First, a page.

Technology Helps Fuel 28% Increase In Home Equity Loans At Navy Fed
Navy Federal is expecting to close $2.3 billion in home equity loans this year, 28% more than last year. Rising rates for first mortgages are helping to fuel the increase.
If the forecast is on target, equity loans will nearly triple the $823 million in lending during 2003, said Cliff Mower, NFCU's manager of equity lending for the past 17 years. NFCU closed $1.8 billion in equity loans last year, he said.
Rising rates for first mortgages from recent 40-year lows as well as nationwide increases in home values helped take equity loans to current record levels, he said.
Rising first-mortgage rates helped because they compete with equity loans, he said. Homeowners can choose to refinance first mortgages or take equity loans when they borrow on their equity.
"From 1997 to the first quarter of 2004...rates were very low, so many people took cash out and refinanced their mortgages," he explained. "In the second quarter of 2004 first-mortgage rates started to go up again from about 5% to about 6%. And we reduced the equity loan rates."
Starting in the second quarter of 2004 home owners could either refinance first mortgages at a 5.5% rate or take closed-end loans for a fixed-term rate at Navy Federal for as low as 4.9%, he said.
Navy Federal, the biggest credit union in the U.S. with $22.8 billion in assets and 2.5-million members, offers equity loans for up to 15 years and equity credit lines for up to 10 years with a cap at $350,000 per loan.
Automated Valuation Models
Since 1998 Navy Federal has been using automated valuation models to support equity lending that can value a property in "less than 10 seconds," Mower said. In 2004 Navy Federal started using a model called the Home Value Estimator that "eliminated the need for about 90% of the property appraisals we used to require," he said.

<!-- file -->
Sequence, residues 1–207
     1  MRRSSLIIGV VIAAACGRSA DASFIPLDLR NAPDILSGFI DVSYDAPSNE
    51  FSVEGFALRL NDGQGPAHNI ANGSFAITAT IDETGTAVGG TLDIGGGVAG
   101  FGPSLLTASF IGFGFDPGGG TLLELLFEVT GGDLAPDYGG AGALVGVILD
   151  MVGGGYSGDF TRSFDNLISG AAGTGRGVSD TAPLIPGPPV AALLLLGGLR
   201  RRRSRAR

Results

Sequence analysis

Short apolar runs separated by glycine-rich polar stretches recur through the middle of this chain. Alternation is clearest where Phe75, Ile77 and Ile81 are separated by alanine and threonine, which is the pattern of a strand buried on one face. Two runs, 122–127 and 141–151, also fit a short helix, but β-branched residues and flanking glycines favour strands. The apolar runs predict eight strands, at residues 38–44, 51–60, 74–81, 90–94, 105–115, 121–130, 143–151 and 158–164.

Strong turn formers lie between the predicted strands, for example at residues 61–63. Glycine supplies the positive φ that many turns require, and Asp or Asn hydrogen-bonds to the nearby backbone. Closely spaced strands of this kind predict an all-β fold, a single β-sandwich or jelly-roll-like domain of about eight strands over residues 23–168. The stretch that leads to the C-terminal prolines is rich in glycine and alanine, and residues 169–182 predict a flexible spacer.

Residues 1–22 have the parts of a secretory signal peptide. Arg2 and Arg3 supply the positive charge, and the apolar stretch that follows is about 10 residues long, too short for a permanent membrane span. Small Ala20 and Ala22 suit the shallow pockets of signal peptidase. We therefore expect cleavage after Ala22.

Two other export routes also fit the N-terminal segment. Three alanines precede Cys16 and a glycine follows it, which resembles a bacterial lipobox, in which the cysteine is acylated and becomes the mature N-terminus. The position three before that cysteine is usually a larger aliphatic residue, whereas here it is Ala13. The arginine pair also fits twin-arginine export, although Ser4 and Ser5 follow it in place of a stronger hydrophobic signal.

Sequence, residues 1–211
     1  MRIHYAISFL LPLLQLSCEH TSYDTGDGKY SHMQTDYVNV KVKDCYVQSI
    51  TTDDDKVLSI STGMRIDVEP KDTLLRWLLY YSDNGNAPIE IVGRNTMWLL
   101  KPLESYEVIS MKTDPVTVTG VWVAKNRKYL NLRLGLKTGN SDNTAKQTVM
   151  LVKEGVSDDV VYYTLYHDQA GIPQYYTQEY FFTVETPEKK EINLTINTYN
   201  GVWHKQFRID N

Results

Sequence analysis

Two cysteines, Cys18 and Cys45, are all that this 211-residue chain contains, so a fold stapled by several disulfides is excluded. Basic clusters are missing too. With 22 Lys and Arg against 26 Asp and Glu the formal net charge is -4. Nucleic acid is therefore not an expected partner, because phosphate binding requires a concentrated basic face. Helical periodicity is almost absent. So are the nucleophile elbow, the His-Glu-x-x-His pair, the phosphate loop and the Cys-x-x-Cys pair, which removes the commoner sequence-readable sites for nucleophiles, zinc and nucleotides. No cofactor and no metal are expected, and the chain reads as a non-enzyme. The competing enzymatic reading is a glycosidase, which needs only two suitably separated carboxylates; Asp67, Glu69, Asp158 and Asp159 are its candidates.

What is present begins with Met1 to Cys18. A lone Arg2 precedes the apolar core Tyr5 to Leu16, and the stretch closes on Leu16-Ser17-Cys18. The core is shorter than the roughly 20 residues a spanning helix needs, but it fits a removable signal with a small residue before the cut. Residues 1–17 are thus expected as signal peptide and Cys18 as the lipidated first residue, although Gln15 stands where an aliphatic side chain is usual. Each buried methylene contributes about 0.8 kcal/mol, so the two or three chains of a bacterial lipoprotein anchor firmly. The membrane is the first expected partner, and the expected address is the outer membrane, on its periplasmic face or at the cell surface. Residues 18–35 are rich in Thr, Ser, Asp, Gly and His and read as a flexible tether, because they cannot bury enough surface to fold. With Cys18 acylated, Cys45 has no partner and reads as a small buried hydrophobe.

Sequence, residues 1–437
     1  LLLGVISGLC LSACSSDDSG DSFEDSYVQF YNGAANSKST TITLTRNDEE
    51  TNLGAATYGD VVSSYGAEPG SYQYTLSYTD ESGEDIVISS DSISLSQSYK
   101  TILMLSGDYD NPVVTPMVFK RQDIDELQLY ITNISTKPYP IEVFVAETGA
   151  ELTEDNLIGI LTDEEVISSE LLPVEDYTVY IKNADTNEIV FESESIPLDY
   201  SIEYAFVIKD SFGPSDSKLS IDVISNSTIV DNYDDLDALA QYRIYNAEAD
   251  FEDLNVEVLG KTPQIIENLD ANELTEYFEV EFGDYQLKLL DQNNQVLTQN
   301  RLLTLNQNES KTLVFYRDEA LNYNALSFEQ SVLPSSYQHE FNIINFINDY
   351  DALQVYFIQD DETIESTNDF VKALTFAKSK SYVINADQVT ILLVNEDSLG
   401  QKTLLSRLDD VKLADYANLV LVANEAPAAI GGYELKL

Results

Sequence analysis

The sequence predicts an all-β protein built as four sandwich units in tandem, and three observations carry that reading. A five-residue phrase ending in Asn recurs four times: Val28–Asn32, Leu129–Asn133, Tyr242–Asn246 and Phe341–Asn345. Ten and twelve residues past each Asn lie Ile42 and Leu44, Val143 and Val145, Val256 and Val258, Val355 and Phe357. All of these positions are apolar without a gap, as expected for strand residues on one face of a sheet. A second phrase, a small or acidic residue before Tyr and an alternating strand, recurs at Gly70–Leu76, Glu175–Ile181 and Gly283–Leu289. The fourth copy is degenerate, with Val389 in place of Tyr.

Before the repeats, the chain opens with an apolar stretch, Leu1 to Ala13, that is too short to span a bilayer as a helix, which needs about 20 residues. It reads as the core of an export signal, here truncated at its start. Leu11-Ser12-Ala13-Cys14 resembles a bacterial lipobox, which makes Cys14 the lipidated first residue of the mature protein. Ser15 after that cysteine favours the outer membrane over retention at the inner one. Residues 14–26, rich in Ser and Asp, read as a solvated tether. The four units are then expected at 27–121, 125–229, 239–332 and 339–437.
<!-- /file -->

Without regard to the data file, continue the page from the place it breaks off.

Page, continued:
"By reducing our reliance on appraisals, the Home Value Estimator has enabled us to speed up the loan process dramatically while reducing the cost of valuing properties," Mower said.
To help pull greater demand, the loan programs were promoted through advertisements in areas of high-member concentration in Virginia, Washington D.C., Southern California and northern Florida, he said. While the rate for home equity lines of credit has been as high as about 5.9%, NFCU has offered six-month introductory rates of 1.9% to attract borrowers.
"We plan to change the features of the program to make it more desirable," he said. NFCU started offering standard secondary mortgages in 1981 and home equity lines of credit in 1987.
"We sort of anticipate that first mortgage rates will increase a little more in the long run and result in higher demand for our equity loans," Mower said.
Most CU CEOs anticipate interest rate increases, according to CEOs that took part in a December nationwide survey by Dallas-based Southwest Corporate FCU.
In 2003 the number of Navy Federal equity loans was 19,947 at an average of $41,000 per loan. As home values rose, the average equity loan rose to $48,000 last year, when 37,678 loans were signed.
Last year 60% of all NFCU equity loans were fixed-equity and 40% were home equity lines of credit.
According to SMR Research Corp, a New Jersey market research firm, total home equity borrowing in the United States, including banks and other financial institutions, amounted to a record-high $431.3 billion last year, the Wall Street Journal reported. It was a 35% increase year-on-year, it added.